A small impulse purchase, such as a candy bar, can be harmless. However, impulse spending on an even larger scale can cause ineffective budgeting, loss savings and poor financial planning. This is money that you can instead use to  pay your utility bills or save for college.

More Information on MrBeast and Feastables

Jimmy Donaldson, also known as MrBeast, is a well known YouTuber, a digital creator and philanthropist who has launched Feastables, a healthier snacking brand.  Feastables launched the MrBeast Bar, a chocolate bar made without gluten and containing simple ingredients like organic cocoa.  Donaldson was diagnosed with Crohn’s Disease as a child and realized the importance of making high-quality snacks more easily accessible.

The current product portfolio is only the beginning of a larger vision. Donaldson will be Feastables creative visionary. Feastables will host sweepstakes worth over $1,000,000 in prizes and offers. Ten grand prize winners will be chosen to participate in a MrBeast video for a chance to win MrBeast’s Chocolate Factory.  Prices starting from $2.98 for individual bars to $49.99 for bundles.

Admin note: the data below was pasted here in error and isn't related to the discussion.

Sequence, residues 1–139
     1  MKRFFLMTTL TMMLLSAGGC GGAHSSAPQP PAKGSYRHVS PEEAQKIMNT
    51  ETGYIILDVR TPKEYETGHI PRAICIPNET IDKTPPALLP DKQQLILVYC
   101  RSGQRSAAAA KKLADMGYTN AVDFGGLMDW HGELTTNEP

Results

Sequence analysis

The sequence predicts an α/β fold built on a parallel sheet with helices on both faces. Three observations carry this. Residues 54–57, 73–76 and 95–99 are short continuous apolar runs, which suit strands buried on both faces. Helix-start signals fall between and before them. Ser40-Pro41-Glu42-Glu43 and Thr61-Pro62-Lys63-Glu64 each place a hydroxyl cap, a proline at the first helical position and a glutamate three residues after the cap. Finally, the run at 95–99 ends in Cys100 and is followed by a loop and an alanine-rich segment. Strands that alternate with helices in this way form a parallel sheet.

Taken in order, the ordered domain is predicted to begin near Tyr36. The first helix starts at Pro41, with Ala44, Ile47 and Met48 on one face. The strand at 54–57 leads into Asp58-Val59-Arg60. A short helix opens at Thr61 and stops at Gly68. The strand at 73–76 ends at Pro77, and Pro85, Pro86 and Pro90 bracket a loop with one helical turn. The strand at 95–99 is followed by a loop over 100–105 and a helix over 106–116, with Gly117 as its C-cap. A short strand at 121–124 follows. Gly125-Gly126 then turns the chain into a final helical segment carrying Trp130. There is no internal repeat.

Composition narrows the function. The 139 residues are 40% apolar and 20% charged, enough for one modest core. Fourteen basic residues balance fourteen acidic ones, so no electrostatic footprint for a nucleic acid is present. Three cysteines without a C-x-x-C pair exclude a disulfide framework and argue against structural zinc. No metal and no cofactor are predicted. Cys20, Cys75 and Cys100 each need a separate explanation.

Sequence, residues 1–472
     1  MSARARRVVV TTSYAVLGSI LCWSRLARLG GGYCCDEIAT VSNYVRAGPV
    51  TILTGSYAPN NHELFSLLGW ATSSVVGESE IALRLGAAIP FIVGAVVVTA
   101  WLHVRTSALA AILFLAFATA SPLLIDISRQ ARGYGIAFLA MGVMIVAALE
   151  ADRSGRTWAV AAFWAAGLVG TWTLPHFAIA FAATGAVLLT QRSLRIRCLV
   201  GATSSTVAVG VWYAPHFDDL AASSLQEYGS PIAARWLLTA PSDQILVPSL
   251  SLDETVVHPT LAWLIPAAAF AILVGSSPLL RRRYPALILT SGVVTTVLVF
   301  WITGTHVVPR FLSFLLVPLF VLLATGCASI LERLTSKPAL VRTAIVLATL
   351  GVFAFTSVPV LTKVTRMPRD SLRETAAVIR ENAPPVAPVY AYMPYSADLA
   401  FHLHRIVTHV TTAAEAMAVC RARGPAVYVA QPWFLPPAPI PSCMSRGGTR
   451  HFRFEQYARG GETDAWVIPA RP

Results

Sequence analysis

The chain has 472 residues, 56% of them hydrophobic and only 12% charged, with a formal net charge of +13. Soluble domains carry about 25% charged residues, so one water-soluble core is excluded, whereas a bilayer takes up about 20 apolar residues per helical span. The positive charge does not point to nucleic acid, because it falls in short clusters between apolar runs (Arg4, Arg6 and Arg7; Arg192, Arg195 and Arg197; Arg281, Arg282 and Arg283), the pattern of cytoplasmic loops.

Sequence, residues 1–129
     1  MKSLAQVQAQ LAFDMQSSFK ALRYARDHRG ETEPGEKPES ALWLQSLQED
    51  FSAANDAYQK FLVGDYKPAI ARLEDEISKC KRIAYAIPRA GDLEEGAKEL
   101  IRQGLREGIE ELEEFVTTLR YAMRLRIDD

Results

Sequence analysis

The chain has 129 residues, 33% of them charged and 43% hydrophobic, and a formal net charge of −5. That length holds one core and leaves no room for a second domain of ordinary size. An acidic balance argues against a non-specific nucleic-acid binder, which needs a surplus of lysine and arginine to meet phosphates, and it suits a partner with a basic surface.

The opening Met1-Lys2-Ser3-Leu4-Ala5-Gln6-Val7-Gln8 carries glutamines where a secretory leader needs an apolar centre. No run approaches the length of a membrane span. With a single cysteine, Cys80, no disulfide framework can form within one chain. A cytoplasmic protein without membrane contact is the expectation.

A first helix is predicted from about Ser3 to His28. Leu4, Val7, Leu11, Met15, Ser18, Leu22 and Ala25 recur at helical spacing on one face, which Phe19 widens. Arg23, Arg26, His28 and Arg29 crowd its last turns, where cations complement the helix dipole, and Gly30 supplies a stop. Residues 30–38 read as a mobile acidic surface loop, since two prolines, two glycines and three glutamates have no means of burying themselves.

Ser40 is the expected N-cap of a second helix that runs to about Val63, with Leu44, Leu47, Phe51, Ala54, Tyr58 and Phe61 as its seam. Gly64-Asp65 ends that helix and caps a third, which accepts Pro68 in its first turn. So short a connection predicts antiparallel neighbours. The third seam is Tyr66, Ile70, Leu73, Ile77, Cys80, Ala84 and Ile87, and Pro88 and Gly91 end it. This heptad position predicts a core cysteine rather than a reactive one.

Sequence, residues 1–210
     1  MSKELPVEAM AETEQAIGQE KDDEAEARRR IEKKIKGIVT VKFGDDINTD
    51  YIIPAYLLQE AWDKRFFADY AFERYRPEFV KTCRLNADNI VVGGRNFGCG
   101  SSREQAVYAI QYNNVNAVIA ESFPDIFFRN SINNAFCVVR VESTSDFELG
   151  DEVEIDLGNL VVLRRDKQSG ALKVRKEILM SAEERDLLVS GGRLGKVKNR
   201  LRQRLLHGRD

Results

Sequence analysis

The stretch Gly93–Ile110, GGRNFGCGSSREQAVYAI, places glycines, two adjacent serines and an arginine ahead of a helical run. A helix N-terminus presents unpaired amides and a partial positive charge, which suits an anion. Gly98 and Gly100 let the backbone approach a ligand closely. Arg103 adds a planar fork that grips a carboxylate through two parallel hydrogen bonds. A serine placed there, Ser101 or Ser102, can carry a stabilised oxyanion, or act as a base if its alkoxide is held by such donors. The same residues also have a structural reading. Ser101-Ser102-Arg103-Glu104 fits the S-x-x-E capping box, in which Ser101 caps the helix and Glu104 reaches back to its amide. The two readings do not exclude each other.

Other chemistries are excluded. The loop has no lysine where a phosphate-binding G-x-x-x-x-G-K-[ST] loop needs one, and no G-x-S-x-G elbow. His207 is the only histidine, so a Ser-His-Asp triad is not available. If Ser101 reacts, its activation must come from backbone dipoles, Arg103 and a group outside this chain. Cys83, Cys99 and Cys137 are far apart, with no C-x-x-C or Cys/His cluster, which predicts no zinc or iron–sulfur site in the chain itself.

@moneymittens Dog order MrBeast chocolate bar. Golden ticket win? #dogs #mrbeast #mrbeastchocolate #beastbar #dogslife #chocolate ♬ original sound – money mittens

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Financial Management Skills Assessment


LESSON DESCRIPTION

Students assess their own financial management skills by taking the money management self-assessment.  This assessment will help students identify their current knowledge or money management as well as areas that need instruction regarding money and finances.

Money management is how you manage all aspects of your finances. This includes setting goals for the long-term, making a budget and choosing investments that will help you reach them. Money management does not mean saying no to every purchase. It is about creating a plan that will allow you to say yes to the most important things in your life. If you lack the ability to manage money effectively, any amount of money could prove to be insufficient.